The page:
There is no mistaking the majesty of our Nation’s emblem … the bright white head, piercing eyes, dark plumage and the awesome size of the American bald eagle. Those who have witnessed an eagle in the wild may recall it as a breath-taking and monumental experience.
It’s been a long, hard struggle for the bald eagle in Illinois, but chances are much better to see one now. Once considered almost extinct in the state, the bald eagle was removed from the list of Threatened and Endangered Species in 2007. The return of eagles to Illinois and the Midewin National Tallgrass Prairie area after more than 100 years began nearly 20 years before then.
The biggest enemy of the eagle was the use of DDT. The pesticide was exposed to bald eagles by infecting the ground water, which contaminated the fish that would get consumed by eagles. Bald eagles migrate to the shoreline to reproduce. They consumed the contaminated fish from the water which in turn infected them. By female eagles being exposed to the pesticide anytime during their life, the endocrine disrupters in the body fat allowed the pesticide to infect the birds. This affected the mother bald eagles’ success in egg laying, pregnancy and chick survival.
When the mother eagle was infected with DDT, it resulted in her egg’s shells being too thin. The shell didn’t protect the chick during the incubation stage. The developing chick was often crushed when the adult bird was trying to keep it warm.
In 2004, high up in a tree along the banks of the Little Calumet River in Chicago, the nest of a mated pair of bald eagles was spotted. It was the first bald eagle nest seen around the Chicago area in more than 100 years. Today, 35 bald eagle nests have been spotted in the six counties surrounding Chicago.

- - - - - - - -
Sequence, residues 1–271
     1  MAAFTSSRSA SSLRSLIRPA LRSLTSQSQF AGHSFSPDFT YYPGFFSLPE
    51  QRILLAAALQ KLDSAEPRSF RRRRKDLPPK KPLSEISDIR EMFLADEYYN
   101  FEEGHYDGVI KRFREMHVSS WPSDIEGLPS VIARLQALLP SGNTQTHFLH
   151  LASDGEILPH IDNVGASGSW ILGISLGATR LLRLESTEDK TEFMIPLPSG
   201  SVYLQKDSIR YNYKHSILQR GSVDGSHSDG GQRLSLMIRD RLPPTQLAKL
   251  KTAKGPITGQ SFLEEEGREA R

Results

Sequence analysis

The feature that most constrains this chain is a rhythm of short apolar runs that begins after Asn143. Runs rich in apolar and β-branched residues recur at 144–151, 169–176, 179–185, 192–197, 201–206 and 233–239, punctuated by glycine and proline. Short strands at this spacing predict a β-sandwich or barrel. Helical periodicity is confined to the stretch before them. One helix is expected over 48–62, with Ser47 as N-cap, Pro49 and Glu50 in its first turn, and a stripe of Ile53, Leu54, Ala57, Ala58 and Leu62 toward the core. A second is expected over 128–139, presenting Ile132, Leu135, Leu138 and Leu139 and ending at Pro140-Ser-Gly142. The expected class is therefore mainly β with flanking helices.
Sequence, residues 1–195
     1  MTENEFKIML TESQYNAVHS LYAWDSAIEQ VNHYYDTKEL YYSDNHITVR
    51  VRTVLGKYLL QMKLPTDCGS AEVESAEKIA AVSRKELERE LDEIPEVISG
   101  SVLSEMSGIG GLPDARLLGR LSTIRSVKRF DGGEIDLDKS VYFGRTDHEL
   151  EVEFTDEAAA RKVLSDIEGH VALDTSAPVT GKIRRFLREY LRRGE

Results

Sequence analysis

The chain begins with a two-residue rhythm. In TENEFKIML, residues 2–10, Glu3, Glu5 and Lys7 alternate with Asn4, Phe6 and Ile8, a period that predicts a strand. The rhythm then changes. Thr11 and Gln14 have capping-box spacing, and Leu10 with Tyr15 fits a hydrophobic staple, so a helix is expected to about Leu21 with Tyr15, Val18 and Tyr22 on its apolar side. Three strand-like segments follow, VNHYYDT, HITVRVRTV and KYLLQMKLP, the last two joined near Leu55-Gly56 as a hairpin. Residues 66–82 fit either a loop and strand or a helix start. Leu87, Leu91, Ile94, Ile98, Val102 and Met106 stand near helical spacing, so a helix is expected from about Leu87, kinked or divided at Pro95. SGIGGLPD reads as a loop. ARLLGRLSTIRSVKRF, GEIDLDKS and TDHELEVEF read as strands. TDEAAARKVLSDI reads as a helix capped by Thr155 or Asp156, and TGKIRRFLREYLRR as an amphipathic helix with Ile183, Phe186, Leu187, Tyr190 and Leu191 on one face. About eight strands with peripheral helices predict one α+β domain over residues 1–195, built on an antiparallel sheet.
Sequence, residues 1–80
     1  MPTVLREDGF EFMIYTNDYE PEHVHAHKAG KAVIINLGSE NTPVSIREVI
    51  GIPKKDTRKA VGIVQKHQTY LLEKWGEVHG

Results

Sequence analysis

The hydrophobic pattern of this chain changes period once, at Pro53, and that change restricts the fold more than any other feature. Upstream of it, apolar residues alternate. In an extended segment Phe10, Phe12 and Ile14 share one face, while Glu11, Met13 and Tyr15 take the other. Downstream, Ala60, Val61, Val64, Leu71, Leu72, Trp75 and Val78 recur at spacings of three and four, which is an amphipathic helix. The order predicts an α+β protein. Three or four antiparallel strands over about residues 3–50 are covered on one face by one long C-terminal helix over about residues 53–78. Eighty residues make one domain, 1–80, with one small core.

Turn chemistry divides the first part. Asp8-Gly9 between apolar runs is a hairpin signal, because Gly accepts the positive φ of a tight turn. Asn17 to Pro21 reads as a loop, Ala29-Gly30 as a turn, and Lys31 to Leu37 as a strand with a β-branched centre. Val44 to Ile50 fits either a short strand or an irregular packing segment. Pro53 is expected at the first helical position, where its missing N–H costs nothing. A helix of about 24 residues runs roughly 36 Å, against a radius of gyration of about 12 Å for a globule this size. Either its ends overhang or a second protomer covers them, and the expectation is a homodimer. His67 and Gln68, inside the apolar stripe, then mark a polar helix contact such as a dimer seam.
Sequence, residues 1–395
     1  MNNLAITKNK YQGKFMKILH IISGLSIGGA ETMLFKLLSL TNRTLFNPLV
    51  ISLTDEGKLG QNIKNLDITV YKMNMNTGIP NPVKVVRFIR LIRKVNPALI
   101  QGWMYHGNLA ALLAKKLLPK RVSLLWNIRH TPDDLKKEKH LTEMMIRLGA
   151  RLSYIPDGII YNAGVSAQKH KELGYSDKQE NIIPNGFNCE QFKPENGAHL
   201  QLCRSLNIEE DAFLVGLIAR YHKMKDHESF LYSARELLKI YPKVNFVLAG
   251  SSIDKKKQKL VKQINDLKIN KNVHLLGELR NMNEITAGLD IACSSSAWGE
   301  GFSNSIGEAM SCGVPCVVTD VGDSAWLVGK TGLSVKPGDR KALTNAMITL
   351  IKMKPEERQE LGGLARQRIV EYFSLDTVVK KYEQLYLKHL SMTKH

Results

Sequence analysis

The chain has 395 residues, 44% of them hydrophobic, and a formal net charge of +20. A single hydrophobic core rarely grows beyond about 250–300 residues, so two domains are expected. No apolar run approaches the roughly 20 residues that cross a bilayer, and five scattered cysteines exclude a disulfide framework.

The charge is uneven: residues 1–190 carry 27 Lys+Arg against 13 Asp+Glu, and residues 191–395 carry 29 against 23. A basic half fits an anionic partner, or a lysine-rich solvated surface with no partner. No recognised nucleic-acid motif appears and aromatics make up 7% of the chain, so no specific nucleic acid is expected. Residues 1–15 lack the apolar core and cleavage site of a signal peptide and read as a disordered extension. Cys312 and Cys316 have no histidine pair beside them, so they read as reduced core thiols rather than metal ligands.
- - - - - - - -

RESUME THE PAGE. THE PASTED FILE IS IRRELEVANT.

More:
Nests are easy to spot as they are constructed of stout limbs in large trees and can be almost the size of a Volkswagen Beetle. If undamaged, the nests are used year after year by the nesting pair.
Two of the nests are located at Midewin National Tallgrass Prairie. A nest was first confirmed during annual grassland bird surveys in June 2014 and, since then, it has been home to several successful fledglings. In 2017, another active nest was confirmed.
“The increase in numbers of nesting bald eagles in the Chicago area is a local conservation success story that deserves to be celebrated,” says Forest Service Supervisory Natural Resources Manager Mike Redmer. “The increase in nesting bald eagles in our area provides inspiration and hope for the return of other species of native Illinois prairie plants here.”
At Midewin National Tallgrass Prairie, volunteers, partners and staff work with more than 275 species of native Illinois prairie plants to help increase and improve natural habitat for native Illinois grassland birds of all kinds, including bald eagles.
One of the great historical myths of our country is Benjamin Franklin proposing the national emblem to be a wild turkey. After the Continental Congress adopted the Declaration of Independence on July 4, 1776, it tasked Benjamin Franklin—along with John Adams and Thomas Jefferson—with designing a seal to represent the new country.
Given the opportunity to choose a national symbol, the Founding Father never suggested a turkey. According to his notes, Franklin proposed an image of Moses standing on the shore and extending his hand over the sea with the motto, “Rebellion to Tyrants is Obedience to God.” While the committee selected the scene from the Book of Exodus for the reverse of the seal, the Continental Congress was not impressed and tabled the concept.
It wasn’t until 1782 when the Great Seal of the United States with the bald eagle as its centerpiece was approved.